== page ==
Those who would give up essential liberty, to purchase a little temporary safety, deserve neither liberty nor safety.
With the utterance of those words and placement of quill to paper, by Founding Father Benjamin Franklin, so began the half life decay of his wisdom. The surveillance state we occupy today is the festering, mature result of the acts of cloying politicians and barons of power to serve their own political and financial goals by declaring themselves the protectors of law and order. The daddy state. They spread fear of isolated, and ultimately inconsequential, yet publically hyped acts of crime and terror in order to supplicate the nation at large.
It has been a singularly effective scheme.
So it began with characterization of hideous and substantive Fourth Amendment violations of fundamental search and seizure law as "mere technicalities". Soon judges and prosecutors, being elected or politically appointed officials themselves, started shading their duties, principles and morals under the law to find creative ways around Constitutional protections in order to avoid results that would be unpopular. Then the officials ran again for reelection proudly proclaiming how they protected the "law and order for the citizens" by "clamping down on criminals" and "elimianting the criminal’s use of technicalities". The more they talked the talk, the more they walked the walk. Down the slippery slope.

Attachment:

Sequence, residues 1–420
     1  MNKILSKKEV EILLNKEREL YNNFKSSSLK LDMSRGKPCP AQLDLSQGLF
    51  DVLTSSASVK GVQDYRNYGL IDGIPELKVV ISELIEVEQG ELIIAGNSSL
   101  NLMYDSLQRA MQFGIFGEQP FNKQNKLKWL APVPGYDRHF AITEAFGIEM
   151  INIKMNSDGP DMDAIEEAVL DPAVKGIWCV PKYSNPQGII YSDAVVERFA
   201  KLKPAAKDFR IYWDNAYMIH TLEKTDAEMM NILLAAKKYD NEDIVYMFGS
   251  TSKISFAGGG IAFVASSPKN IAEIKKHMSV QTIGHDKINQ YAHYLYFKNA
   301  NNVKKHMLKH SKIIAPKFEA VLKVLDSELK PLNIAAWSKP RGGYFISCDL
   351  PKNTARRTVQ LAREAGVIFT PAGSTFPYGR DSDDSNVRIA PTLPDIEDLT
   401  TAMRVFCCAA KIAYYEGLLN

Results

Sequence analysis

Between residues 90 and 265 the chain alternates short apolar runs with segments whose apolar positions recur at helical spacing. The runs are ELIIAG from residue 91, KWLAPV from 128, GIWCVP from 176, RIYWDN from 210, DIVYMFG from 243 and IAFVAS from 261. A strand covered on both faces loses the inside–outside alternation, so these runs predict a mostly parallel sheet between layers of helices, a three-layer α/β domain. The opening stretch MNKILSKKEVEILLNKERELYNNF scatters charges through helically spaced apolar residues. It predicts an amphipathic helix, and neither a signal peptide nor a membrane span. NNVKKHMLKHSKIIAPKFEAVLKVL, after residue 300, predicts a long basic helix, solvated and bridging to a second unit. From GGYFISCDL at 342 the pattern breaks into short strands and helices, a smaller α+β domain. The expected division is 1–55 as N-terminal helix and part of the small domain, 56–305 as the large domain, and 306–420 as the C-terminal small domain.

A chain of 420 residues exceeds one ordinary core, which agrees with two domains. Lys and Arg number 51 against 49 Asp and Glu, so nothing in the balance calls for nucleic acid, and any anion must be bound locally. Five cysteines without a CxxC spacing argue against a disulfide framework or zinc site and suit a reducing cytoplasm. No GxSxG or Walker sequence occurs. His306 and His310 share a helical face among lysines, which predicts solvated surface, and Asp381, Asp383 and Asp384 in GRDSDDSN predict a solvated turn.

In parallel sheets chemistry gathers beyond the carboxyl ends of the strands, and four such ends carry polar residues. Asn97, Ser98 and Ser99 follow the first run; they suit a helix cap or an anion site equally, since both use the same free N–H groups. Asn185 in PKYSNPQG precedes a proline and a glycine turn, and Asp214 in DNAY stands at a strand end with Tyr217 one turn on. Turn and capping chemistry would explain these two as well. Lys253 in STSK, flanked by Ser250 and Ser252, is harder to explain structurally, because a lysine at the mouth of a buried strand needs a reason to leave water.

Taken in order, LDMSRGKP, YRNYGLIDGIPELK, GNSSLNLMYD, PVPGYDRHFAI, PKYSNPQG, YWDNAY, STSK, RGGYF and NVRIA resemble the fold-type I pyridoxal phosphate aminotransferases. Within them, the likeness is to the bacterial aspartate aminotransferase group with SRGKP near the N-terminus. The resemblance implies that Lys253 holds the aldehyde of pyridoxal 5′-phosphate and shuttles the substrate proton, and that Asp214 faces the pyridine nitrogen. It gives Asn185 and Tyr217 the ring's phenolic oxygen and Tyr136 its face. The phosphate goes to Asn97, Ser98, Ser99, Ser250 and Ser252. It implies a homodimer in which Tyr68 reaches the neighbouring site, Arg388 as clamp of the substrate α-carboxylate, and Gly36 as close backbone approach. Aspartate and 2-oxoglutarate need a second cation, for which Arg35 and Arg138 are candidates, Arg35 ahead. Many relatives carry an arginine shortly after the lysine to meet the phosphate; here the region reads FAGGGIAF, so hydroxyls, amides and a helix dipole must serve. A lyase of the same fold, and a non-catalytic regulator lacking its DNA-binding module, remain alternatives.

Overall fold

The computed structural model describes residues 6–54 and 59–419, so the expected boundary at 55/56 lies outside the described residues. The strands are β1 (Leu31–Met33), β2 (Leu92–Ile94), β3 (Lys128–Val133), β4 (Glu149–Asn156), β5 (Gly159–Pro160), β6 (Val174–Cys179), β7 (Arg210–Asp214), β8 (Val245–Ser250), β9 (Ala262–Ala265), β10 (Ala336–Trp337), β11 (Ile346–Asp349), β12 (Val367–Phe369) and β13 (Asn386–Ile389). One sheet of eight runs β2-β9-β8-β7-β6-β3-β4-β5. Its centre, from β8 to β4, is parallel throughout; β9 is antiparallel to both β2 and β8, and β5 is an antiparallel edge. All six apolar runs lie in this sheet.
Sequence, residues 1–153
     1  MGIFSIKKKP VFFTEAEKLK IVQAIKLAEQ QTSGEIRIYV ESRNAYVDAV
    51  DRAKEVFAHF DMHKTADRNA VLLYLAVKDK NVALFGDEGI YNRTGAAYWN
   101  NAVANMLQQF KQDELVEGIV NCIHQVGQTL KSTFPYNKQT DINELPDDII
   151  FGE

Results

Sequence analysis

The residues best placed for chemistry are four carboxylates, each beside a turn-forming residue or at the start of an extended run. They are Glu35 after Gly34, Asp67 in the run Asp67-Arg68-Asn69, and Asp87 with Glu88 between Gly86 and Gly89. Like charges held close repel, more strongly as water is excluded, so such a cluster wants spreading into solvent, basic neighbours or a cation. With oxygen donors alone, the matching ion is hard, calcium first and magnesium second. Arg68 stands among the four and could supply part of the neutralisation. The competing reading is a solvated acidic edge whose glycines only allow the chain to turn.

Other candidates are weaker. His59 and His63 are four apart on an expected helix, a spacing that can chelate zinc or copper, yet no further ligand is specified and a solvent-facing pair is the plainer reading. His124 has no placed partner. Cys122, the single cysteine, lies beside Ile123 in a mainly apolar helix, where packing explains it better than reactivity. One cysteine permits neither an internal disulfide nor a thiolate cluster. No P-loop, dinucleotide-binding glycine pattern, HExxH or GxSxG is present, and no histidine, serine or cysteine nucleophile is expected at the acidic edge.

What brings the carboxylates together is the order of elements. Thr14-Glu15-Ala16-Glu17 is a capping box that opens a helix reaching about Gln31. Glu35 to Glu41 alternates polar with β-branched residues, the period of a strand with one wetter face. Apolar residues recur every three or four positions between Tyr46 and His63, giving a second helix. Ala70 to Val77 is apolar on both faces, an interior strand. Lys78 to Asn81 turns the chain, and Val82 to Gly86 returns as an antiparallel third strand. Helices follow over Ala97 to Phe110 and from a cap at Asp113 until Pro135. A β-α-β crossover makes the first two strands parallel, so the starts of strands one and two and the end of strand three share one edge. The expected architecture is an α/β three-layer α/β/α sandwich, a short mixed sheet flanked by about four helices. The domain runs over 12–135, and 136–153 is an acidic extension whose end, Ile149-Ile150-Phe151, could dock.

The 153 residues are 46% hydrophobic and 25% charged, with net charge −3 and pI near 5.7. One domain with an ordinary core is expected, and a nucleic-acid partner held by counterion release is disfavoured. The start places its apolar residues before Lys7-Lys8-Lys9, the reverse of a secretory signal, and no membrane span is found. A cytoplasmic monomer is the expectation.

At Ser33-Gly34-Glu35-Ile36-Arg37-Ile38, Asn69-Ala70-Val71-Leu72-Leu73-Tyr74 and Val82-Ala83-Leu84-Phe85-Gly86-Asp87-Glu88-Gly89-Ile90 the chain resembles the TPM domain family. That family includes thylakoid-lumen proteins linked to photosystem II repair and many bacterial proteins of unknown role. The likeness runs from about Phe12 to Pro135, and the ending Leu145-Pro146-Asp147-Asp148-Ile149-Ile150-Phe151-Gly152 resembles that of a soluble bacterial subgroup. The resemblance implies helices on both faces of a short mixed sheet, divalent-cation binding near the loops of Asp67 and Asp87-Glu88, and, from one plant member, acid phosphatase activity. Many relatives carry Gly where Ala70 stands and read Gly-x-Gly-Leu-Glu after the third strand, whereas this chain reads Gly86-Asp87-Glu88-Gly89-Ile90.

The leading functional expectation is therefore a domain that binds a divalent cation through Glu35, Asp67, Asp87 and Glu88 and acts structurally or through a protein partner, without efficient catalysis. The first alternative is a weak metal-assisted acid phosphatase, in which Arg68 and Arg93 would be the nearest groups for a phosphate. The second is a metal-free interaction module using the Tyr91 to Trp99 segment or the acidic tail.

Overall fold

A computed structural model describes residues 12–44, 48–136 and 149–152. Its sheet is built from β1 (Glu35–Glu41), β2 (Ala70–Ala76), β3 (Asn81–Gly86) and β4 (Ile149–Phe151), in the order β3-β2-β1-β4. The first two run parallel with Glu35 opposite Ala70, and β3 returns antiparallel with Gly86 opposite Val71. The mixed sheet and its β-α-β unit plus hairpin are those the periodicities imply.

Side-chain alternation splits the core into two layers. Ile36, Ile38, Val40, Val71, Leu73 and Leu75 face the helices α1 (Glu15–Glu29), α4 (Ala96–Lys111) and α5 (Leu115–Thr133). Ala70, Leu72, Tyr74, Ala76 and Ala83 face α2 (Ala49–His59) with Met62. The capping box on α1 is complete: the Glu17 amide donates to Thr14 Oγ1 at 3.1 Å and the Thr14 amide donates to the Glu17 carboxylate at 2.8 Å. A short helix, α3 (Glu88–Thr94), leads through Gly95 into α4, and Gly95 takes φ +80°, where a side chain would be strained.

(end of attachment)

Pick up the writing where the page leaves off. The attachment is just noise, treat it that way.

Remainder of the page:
And that is where we find ourselves today. From Spencer S. Hsu and Carrie Johnson in today’s Washington Post:
The Justice Department has proposed a new domestic spying measure that would make it easier for state and local police to collect intelligence about Americans, share the sensitive data with federal agencies and retain it for at least 10 years.
The proposed changes would revise the federal government’s rules for police intelligence-gathering for the first time since 1993 and would apply to any of the nation’s 18,000 state and local police agencies that receive roughly $1.6 billion each year in federal grants.
Quietly unveiled late last month, the proposal is part of a flurry of domestic intelligence changes issued and planned by the Bush administration in its waning months. They include a recent executive order that guides the reorganization of federal spy agencies and a pending Justice Department overhaul of FBI procedures for gathering intelligence and investigating terrorism cases within U.S. borders. (Emphasis added)
This is sick. Quite frankly, the contours of this have been quite obvious, and even partially stated, as being on the way for a while now if you were paying attention. This is why I was foaming at the mouth when the Protect America Act (PAA) was passed a year ago, and especially when Congress voted "just to extend (renew) it for a period". Read more